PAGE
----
In most cases, you already know when you file your tax return that you are going to owe the Canada Revenue Agency (CRA). Or maybe, you already have a balance owing, and you are going to be adding more money to that balance, or possibly you have no idea whatsoever why it is that your Notice of Assessment (NOA) has a balance owing on it that you cannot afford to pay in full.
If that scenario arises, there are some key steps you should follow to prevent the CRA from taking immediate legal action, which can mean the freezing and seizing of your bank account, a wage garnishment being sent to your employer or a lien being registered and placed against your property.
The Importance of Communication
The first step to take when your Notice of Assessment presents you with a tax bill that is too large to pay in full is to begin communicating with the Canada Revenue Agency quickly.
The CRA likes to know that you are aware of the balance owing, and that you have a plan in place to deal with it. Even if you do not have a plan, this is the best time to ask the CRA questions about the amount owing should you disagree with the balance or simply want to know more details surrounding the debt.
Proactive and upfront communication with the CRA sets the tone for the discussions that will follow with the CRA representatives or with your assigned collections officer. Showing initiative and telling the truth almost guarantees an open dialogue and should something go awry during the period in which you are in collections, your good faith bargaining should help quite a lot.
Keep in mind, that everything that you say will be added as a note in the permanent diary that the CRA has on you in their systems, so if you’re very rude off the get-go, then you can expect in any future dealings that your attitude might be brought up.
Even if your prior communications with the CRA were not always on the best of terms, you can re-establish your relationship with the agency by communicating early and often with their collectors.
Don’t settle, or ask to settle because this is not the IRS. In the US, if you have taxes owing to the IRS you have the ability to approach them for a settlement. In Canada, however, the CRA does NOT settle debts unless you are filing for bankruptcy or filing a Consumer Proposal. You owe the taxes, penalties and interest in full. There is no negotiation and no deals… For anyone.
Be Prepared to Prove Your Inability to Pay in Full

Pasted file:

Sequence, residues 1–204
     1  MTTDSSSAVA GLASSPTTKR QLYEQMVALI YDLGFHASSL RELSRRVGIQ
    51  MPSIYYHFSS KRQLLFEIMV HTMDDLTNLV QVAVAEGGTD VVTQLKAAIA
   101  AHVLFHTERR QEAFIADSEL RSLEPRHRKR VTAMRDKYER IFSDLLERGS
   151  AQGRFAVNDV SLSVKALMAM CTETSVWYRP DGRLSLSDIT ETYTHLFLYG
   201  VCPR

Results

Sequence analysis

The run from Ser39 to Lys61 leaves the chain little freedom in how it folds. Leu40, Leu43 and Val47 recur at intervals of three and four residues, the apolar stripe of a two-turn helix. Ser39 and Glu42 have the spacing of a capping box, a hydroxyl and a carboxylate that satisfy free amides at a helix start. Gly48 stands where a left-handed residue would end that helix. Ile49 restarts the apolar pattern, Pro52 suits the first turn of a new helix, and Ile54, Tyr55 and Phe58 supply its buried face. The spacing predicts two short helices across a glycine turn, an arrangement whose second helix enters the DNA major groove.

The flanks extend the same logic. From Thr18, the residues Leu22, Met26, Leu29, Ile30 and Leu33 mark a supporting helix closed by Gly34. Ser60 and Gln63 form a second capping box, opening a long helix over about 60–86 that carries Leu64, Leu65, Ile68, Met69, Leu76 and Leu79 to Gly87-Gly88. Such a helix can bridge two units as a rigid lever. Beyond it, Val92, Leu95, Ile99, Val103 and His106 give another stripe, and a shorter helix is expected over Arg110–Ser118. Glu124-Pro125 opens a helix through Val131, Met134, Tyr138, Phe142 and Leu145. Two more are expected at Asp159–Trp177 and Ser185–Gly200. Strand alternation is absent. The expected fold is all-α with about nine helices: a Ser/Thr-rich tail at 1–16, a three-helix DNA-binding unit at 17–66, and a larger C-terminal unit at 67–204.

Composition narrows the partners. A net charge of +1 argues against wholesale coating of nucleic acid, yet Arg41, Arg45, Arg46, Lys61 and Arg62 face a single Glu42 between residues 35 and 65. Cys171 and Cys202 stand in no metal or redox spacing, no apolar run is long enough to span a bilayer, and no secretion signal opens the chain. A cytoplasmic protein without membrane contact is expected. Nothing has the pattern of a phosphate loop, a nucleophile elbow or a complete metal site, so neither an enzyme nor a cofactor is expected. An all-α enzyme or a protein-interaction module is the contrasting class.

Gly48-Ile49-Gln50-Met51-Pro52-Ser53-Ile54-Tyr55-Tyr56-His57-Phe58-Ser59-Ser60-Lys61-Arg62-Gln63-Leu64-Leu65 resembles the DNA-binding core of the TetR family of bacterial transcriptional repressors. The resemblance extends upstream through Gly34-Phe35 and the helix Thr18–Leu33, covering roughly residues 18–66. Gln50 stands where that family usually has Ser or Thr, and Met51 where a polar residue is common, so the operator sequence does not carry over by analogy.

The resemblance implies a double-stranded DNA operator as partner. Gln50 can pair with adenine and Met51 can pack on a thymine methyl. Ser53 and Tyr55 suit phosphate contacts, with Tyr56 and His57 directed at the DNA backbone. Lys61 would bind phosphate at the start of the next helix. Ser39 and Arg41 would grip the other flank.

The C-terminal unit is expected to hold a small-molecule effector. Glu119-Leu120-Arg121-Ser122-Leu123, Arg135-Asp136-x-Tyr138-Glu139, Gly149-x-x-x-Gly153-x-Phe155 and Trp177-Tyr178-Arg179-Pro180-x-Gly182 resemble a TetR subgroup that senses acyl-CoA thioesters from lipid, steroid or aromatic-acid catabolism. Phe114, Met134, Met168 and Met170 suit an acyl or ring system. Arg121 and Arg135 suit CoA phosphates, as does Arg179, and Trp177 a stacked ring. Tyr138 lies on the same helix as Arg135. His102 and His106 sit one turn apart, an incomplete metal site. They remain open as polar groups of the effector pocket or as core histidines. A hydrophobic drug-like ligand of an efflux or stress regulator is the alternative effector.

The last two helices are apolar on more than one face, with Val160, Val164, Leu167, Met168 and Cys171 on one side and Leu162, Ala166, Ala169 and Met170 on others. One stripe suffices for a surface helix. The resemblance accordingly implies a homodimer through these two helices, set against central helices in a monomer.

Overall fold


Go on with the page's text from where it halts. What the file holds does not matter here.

The second key to avoiding immediate legal action when you are unable to pay your tax bill in full is to be prepared to prove to the CRA that you are unable to make payment in full.
The CRA has access to a review of your tax file and makes a determination as to whether they feel you are able to make payment in full or whether they will allow you to make incremental payments on a schedule – a payment plan.
The CRA will ask you for information relating to your income and expenses and use this information to determine your “Ability To Pay”. Having timely and accurate information available can make the difference between a repayment arrangement and a garnishment or freeze on your bank account.
Once you are able to prove your inability to pay your tax bill in full, you should continue to keep communication lines open with the CRA. It is important to keep them informed of any changes in your income or expenses rather than waiting for them to find out first.
Sticking to Your Payment Arrangement
Once you have reached a re-payment arrangement with the CRA for your balance owing, try to make your payments on time. Failure to do so can void the arrangement and will result in immediate legal actions being taken by the CRA.
Another extremely key point which rarely gets discussed is that you must remain current on your tax obligations as they come due, or the payment arrangement is cancelled.
That means, if you make a promise to pay an amount every month, but forgot that you need to make an installment payment, or payroll remittance, or GST/HST payment, then you must notify the CRA of that error, and seek to adjust the arrangement. Failing to do so, and missing a payment in order to keep up with the terms of the re-payment arrangement is a giant no-no.
Pay off one debt, while starting another is not allowed.
Again, it is important to communicate with the CRA if you are unable to make a scheduled payment due to circumstances beyond your control. They may allow you to postpone the payment until your financial situation improves. It’s important to note that interest will continue to accrue on the balance – that is your punishment for having debts to the CRA – and penalties still apply.
As well, if you are considering Taxpayer Relief, keep in mind that the CRA’s Collections staff will not stop trying to collect a balance owing because an application has been made to the Taxpayer Relief group. The rationale here is that if your application is denied, there is now additional interest and possibly penalties added to the balance which makes it that much harder to collect.